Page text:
9. 9. Absolute PPP indicates that the exchange rate between two currencies is equal to the ratio of the two countries’ price indexes. The exchange rate is a nominal value, that is, its value is dependent on current price levels. If absolute PPP holds, then relative PPP also holds. If absolute PPP does not hold, relative PPP may still hold. Real events (demand and supply socks) which cause relative price changes are often random or unexpected
  10. 10. Problems with Law of One Price The more homogeneous goods are, the more the law of one price is expected to hold but it could not be found in reality There are obstacles to equalization of product prices across countries, including differentiated products and costly information. Transportation cost and restricting trade policies (such as tariff and quatas are present)
  11. 11. Reasons for Deviations from PPP The law of one price does not apply to differentiated products or to globally non-traded goods. Prices may differ due to freight costs or tariffs. Relative price changes may result from real economic events such as changing tastes, bad weather, or government policy. Since people in different countries consume different goods, national price indexes may not be comparable.
  12. 12. Assets market approach for the determination of exchange rate Monetary approach Deals with the demand and supply of money Portfolio approach The portfolio balance approach points out the imperfect substitution between home assets and foreign assets .
  13. 13. Monetary approach Change in exchange rate due to change in demand or supply of money Demand for money is the Increasing function of income and the decreasing function of interest rate. If, e= pd- pf then
  14. 14. Exchange rater depends upon,  Difference in the demand for money  Difference in the income  Difference in the rate of interest e If, mf If, id & e If, md
  15. 15. (Cont.) An increase in domestic money supply causes an excess money supply and results in a price increase in home country and a depreciation of domestic currency. An increase in domestic national income brings about more money demand , the exchange rate falls or in other words, domestic currency appreciates. A rise in home interest rate reduces money demand and causes the price level to increase. The exchange rate then rises causing domestic currency to depreciates. A rise in the expectation of future exchange rates will result in an immediate depreciation of domestic currency.
  16. 16. Model emphasized Role of relative price change due to real disturbance . Traditional elasticity theory Exchange rate
  17. 17. Change in money supply Change in stock of money Increases the nominal prices of good and service Increases the nominal prices of foreign exchange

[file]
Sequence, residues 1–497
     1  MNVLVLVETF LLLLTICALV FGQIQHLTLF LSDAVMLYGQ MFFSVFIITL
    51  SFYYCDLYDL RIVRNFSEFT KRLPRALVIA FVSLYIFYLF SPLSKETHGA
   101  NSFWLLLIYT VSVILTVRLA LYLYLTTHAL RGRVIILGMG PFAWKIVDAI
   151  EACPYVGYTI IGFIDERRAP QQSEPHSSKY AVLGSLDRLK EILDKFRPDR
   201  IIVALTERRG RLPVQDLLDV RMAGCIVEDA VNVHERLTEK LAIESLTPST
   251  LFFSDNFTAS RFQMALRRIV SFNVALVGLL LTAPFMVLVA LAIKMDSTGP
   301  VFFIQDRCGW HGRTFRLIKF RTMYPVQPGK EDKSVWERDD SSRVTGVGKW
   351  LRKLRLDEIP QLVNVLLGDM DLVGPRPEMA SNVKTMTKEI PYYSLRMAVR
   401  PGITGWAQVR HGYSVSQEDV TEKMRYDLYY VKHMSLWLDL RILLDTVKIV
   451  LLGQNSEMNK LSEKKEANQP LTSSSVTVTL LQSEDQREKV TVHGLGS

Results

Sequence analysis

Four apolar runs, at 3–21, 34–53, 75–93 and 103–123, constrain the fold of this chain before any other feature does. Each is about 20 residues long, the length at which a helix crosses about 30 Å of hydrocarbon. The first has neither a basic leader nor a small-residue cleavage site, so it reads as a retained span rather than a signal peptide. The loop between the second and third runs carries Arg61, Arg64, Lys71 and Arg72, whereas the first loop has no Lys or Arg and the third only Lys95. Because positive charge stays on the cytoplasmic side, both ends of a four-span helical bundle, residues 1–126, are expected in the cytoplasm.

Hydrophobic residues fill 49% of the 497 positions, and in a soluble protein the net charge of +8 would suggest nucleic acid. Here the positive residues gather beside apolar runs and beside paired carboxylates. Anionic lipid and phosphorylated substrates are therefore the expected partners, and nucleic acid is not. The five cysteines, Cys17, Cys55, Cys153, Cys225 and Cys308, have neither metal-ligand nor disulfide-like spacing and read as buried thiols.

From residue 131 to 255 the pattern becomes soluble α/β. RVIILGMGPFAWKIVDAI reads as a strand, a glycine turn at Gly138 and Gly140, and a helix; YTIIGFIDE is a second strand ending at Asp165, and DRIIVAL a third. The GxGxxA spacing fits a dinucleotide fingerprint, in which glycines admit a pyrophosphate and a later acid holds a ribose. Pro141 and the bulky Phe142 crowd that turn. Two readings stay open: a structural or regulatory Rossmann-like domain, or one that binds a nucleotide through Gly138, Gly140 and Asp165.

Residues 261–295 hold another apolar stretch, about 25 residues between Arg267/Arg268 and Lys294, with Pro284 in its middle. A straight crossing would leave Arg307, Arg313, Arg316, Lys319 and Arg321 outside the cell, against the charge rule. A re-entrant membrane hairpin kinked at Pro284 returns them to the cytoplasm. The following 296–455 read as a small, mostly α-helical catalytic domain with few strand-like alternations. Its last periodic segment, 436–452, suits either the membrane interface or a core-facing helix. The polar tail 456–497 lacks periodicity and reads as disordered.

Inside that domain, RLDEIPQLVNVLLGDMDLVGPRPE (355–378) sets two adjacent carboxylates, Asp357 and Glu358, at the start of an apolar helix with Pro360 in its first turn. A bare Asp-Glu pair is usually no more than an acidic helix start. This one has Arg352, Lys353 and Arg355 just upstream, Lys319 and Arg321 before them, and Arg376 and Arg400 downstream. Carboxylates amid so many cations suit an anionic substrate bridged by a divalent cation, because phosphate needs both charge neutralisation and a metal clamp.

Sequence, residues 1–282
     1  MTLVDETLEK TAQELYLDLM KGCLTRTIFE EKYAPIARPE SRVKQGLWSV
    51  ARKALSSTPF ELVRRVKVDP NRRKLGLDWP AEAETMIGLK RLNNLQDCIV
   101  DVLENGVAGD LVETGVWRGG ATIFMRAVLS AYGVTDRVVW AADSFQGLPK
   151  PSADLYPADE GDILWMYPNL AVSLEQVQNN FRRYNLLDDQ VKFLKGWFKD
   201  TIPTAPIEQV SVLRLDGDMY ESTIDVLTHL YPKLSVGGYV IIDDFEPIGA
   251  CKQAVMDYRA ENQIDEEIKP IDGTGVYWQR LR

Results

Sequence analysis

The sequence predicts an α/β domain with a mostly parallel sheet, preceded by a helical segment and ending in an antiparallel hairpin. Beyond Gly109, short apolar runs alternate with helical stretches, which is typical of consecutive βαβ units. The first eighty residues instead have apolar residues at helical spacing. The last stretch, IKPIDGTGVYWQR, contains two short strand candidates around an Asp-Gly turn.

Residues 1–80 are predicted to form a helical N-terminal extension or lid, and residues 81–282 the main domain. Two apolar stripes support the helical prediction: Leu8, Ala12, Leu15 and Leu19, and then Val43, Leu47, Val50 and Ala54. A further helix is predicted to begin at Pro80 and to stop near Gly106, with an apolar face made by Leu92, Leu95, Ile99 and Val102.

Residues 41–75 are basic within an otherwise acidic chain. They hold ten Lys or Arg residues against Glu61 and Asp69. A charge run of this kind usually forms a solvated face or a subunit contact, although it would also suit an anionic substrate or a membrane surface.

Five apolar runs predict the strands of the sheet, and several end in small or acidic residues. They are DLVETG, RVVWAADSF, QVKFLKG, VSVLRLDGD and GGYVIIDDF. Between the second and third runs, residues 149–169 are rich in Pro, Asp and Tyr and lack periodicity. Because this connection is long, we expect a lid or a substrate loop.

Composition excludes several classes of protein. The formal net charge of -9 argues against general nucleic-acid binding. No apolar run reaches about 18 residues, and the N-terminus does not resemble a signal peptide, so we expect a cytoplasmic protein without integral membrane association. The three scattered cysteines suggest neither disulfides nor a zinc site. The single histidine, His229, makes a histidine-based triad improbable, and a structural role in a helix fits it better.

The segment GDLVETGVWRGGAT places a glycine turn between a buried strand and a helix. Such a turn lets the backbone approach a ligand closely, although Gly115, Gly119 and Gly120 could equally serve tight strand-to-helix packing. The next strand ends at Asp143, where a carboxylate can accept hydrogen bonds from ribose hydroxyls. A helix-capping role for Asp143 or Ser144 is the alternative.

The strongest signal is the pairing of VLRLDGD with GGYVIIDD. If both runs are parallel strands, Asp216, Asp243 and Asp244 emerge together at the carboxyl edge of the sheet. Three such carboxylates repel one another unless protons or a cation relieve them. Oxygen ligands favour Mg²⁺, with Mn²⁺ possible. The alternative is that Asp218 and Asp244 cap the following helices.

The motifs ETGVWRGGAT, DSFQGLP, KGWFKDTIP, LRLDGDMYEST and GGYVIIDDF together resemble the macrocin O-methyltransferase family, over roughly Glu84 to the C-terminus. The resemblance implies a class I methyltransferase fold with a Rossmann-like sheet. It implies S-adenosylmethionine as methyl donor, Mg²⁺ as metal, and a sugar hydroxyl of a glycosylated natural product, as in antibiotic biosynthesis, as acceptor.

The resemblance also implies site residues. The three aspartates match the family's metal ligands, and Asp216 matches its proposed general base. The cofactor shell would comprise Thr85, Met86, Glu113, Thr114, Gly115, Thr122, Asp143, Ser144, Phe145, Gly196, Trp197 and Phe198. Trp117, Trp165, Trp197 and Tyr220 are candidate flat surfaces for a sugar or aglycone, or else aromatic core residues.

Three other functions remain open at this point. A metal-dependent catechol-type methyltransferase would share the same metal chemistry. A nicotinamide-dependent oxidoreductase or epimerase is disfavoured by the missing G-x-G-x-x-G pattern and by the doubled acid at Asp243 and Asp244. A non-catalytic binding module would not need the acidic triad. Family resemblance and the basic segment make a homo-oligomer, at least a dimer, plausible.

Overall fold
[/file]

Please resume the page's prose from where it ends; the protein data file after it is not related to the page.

18. 18. Relative price change and exchange rate Nominal price change in each country Exchange rate Terms of trade Cause Shifts in the demand and supply Correlation is high for the country with more homogenous monetary policy
  19. 19. Relationship of terms of trade and exchange rate Appreciation the currency Favorable terms of trade Depreciation of currency Unfavorable terms of trade Terms of trade: ratio of the export price/import price px/py for country1 py/px for nation 2 ,
  20. 20. Relationship with inflation and the exchange rate High inflation in the country Low inflation in the country depreciation appreciation Countries with persistently high levels of inflation tend to experience exchange rate depreciation, while low inflation countries have appreciating exchange rates. Thus, inflation and exchange rates tend to move in opposite directions . There is an inverse relationship between the two variables. Inflation only affects purchasing power if the rise happens unevenly across prices of goods and factors of production acros the world.
  21. 21. o Ms1 and Ms2 are nominal quantities of money supply . o P1 and P2 is the price of good one and good two. o Country one is the domestic country and country two is the foreign country. o e is the exchange rate where, e=Pd/Pf
  22. 22. Assumption The real quantity of money supply remains constant for each country i.e.M1/P1 and M2/P2 is constant over time. The relative prices of one good in terms of other good = T=P1/e*P2(T = relative prices of goods)  If relative price shifts i.e. price of good one increases and price of good two decreases then demand for good two increases and good one decreases.
  23. 23. T= Pd/e*Pf T Pf e=Pd/Pf Pd=e*Pf Demand for the domestic goods decreases, and foreign good increases leading to appreciation of the foreign currency and depreciation of the domestic currency. Exchange rate is high in domestic country-depreciation of the currency Exchange rate is low in foreign country-appreciation of the currency